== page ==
San Antonio and Texas are both seeing a record surge in new coronavirus cases as residents relax the measures that for months have helped flatten the curve.

On Tuesday, San Antonio Metropolitan Health District reported 436 new confirmed cases, the greatest single-day increase the city has seen since the virus began spreading locally in March. The new cases brought the total to 4,873, more than double the amount since May 21.

Also Tuesday, Texas saw the greatest increase in cases from one day to the next: 2,622. The number of people hospitalized also hit a record high of 2,326.

“We are in, by far, the worst crisis we have seen since this started,” Bexar County Judge Nelson Wolff said at a Tuesday briefing.

And while the death toll in Bexar County remains unchanged since Monday at 89, officials say the acceleration in new cases accompanies more alarming trends:

  • Coronavirus’s load on the local hospital system has doubled compared to two weeks ago. On June 1, 93 people were in the hospital, with 39 in intensive care and 20 on ventilators. As of Tuesday, 212 people in Bexar County were hospitalized, with 82 in intensive care and 41 on ventilators.
  • Younger people are going to the hospital here than before. Before May 25, the average age of everyone who tested positive was 43.5, according to Metro Health. After May 25, that average drops to 35.8. The average age of hospitalized patients has also dropped from 55.6 to 48.7.
  • The positivity rate has more than doubled compared to a week ago. After three weeks when around 3.5 percent of tested for coronavirus turned up positive, the positivity rate increased to 4.5 percent the first week of June and 9.3 percent the week of June 7 to 13.

“Everything was good,” Metro Health Director Dawn Emerick said on Tuesday. “And now, bam, all of a sudden, everything is blinking.”

Metro Health officials said the new case data reported Tuesday came from multiple laboratories around the state and were not the result of a backlog of tests. Nor was the doubling of the positivity rate a result of more testing in San Antonio.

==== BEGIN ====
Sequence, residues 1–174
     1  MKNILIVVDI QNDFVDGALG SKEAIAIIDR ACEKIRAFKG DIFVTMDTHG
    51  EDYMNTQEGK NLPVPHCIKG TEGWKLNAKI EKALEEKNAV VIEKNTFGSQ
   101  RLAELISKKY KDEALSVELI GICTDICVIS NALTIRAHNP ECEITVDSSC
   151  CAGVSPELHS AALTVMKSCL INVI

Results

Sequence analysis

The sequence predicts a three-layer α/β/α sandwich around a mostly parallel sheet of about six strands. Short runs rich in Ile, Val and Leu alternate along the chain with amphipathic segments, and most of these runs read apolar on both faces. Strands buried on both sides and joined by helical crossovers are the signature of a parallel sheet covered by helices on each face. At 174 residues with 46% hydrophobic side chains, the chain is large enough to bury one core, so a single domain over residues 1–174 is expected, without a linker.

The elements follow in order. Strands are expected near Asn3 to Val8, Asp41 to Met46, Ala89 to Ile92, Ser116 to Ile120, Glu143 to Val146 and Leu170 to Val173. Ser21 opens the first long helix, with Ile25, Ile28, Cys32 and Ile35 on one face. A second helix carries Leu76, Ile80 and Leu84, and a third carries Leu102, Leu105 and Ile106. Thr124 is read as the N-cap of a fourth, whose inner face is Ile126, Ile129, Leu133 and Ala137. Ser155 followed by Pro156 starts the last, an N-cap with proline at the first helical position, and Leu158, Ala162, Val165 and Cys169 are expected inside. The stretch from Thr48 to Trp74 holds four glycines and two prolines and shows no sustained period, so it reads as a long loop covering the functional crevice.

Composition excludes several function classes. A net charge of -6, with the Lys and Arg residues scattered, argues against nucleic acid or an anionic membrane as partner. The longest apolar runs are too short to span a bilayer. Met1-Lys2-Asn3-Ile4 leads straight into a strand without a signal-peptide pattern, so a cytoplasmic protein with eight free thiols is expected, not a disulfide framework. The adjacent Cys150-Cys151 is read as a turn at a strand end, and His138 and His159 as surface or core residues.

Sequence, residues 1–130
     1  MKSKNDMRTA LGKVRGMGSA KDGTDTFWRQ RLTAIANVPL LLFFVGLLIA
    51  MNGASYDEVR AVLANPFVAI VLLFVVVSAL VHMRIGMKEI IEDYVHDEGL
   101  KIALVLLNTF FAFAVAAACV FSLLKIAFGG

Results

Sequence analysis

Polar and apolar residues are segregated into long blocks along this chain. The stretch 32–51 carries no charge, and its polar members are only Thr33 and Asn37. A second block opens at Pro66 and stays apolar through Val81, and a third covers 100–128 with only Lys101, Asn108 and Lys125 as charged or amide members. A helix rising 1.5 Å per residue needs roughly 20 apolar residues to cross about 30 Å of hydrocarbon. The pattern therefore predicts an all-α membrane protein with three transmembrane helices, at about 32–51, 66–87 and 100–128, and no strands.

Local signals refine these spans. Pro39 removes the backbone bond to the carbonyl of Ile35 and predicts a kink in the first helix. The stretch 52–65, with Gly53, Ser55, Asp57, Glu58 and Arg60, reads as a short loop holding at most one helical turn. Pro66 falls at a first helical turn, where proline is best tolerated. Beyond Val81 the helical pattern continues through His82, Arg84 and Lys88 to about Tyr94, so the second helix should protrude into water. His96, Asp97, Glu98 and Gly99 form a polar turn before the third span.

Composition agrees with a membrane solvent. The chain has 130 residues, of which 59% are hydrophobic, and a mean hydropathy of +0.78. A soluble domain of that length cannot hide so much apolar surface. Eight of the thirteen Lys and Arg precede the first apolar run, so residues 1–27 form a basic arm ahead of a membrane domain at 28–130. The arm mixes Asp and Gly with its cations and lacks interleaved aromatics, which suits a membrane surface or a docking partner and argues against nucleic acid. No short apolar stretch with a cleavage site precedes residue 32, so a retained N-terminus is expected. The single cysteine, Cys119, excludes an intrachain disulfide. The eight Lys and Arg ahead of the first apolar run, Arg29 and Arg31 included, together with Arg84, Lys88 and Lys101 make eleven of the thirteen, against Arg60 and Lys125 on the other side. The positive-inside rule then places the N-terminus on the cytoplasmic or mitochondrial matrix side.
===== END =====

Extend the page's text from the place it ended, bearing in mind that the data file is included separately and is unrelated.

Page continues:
“This is a genuinely increased burden of folks with infections,” Metro Health assistant director Anita Kurian said.

Kurian largely attributed the recent increase to people not following measures meant to slow the spread. That’s what Metro Health staff are hearing in their follow-up phone calls with residents who have tested positive.

“Based on the case investigation experiences, it is more because folks are easing away from the precautions that we’ve made recommendations on, like social distancing and wearing of facial masks,” Kurian said.

The news about San Antonio’s recent case spike came hours after Abbott held a press conference to discuss the growing rate of new cases statewide. Abbott said the State is focused on making sure there are enough hospital beds, ventilators, and protective gear to handle an influx of cases.

Since May, when he first allowed businesses to reopen, Abbott has not foreshadowed any more regulatory measures meant to stop the spread. Instead, he left it up to Texas residents to stop the spread.

“Jobs can be maintained without jeopardizing the health of the community, if everyone follows the safe strategies to prevent the spread of COVID-19,” Abbott said. “The more Texans protect their own health, the safer our state will be.”

On Tuesday, San Antonio Mayor Ron Nirenberg joined mayors of nine other Texas cities who signed a letter asking Abbott to grant them the authority to set mask requirements. Abbott has emphasized during public addresses that people should wear masks, though he opposes making it mandatory.

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“I make clear on a daily basis around the entire state of Texas that wearing a mask is very important, and local officials send that message,” Abbott said Tuesday. “Putting people in jail, however, is the wrong approach for this thing.”

Left with few other options, Nirenberg sent that message multiple times during a televised briefing Tuesday.

“We’re going to continue to remain vigilant and work with our hospitals and medical community to make sure there’s capacity,” Nirenberg said. “And then we use this forum right here. The biggest and best tool we have in fighting the pandemic, I still maintain, is public trust.”

Brendan Gibbons

Brendan Gibbons

Brendan Gibbons is the Rivard Report's environment and energy reporter.